This is a great, easy to use worksheet maker for creating basic fact quizzes, worksheets for practicing adding, subtracting, multiplying and dividing. There are also pre-made worksheets for time and money. I use this on my blog for parents to create practice pages for their child.

Check out the site at Math Fact Cafe!

Aunty Math:

While problem solving is a major component of all math programs, the problems can often seem stilted or contrived. As the problems are always related to the concept taught that day, students also have a pretty good idea of what they are going to do to solve it (though that doesn’t always mean that they will get it right!).

Aunty Math is a great site to get math problems that involve more real world situations. The problems are usually in the form of a short story involving Aunty Math and her nieces and nephews. Students read through the story and, using the information provided, attempt to answer the questions posed at the end. The problems are more involved with students having to use a variety of math techniques to solve them. There are helpful tips and an explanation of the problem with possible solutions for the teacher/parent and also easier versions of the problem for lower grade levels.

This is a great site to use with a focus on problem solving and I have also used it as a collaborative activity with students working together to solve the problem.

Check out the site at Aunty Math!



TenMarks is an online math program that is free for teachers and students. As the site states,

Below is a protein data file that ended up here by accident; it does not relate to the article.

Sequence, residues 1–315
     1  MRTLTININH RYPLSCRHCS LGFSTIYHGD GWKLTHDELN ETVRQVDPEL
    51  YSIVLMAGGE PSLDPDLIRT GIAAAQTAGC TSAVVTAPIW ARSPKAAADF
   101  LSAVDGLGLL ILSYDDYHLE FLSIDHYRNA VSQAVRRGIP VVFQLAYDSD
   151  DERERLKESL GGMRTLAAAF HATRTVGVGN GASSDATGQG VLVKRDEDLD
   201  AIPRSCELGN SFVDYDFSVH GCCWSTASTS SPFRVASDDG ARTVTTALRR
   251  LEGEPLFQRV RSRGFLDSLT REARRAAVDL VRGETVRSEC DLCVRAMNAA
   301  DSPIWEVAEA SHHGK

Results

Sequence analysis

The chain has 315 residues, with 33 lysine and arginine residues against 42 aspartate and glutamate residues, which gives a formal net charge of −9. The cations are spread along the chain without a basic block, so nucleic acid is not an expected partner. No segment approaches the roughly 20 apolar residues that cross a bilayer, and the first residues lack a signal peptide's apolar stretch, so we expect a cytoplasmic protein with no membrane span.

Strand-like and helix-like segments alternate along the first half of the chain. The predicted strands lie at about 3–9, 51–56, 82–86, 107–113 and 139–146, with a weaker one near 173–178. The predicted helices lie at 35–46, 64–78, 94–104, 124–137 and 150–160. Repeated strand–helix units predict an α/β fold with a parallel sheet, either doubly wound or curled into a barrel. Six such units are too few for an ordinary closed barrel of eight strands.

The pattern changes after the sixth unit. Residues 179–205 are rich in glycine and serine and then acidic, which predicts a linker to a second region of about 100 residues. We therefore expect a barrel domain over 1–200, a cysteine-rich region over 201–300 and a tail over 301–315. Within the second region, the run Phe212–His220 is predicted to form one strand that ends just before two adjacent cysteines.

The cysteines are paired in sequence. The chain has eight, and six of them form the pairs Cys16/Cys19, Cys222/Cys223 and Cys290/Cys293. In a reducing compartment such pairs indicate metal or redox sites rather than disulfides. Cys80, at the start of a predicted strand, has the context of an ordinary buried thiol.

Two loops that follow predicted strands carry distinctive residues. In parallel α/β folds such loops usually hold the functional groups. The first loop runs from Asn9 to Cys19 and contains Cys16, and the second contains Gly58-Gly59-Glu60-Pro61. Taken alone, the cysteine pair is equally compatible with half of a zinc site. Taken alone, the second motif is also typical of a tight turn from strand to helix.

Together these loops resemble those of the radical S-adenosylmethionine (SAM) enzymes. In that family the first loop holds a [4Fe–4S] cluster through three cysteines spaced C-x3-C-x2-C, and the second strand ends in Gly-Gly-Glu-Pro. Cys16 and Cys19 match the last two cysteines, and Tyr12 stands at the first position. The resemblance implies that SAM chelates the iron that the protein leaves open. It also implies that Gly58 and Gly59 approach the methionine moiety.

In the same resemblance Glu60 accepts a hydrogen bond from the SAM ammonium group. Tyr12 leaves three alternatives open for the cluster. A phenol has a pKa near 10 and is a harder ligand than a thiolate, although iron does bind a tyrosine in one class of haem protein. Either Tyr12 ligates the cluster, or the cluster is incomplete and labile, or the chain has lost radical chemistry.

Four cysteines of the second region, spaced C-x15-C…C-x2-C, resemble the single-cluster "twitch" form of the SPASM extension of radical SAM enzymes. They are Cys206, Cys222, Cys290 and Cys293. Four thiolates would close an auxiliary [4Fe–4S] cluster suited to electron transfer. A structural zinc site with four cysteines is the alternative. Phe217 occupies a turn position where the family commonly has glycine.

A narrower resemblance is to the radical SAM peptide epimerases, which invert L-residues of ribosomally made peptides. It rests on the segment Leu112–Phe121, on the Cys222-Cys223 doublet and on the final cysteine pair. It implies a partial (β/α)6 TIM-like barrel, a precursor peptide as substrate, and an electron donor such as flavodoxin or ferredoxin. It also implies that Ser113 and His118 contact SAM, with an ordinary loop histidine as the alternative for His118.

TenMarks is the only online math program that helps students refresh, learn, and master math concepts – in their own time, at their own pace. Each child receives a personalized curriculum to help them master the concepts quickly.

TenMarks offers lessons and specialized programs to cover the breadth of the core math skills your child will cover in school.

  • Grades 3-High School
  • Over 300 core math skills
  • Hints and video lessons for every topic
  • Mapped to state standards

Each of your students gets a personalized account with a curriculum that you’ve chosen, mapped to state standards and customized to your lesson plans. They can practice topics covered in class, complete assignments, or review past concepts to refresh themselves – whenever they want, as much as they want. No limits. They also unlock games and certificates based on their performance to keep them motivated. Your account allows you to monitor, assign and review your students work. You can easily assign work to your students or even send them a note congratulating them on their good work. You can even let a parent know that their child is doing really well with parent messaging. You get reports which give you an instant snapshot on the entire class, a particular concept, or an individual student.

Check out the site at Ten Marks!

Do you have any great Math sites that are essential to your class activities? Let us know in the comments.

Next Week:

Core Resource Series: Social Studies!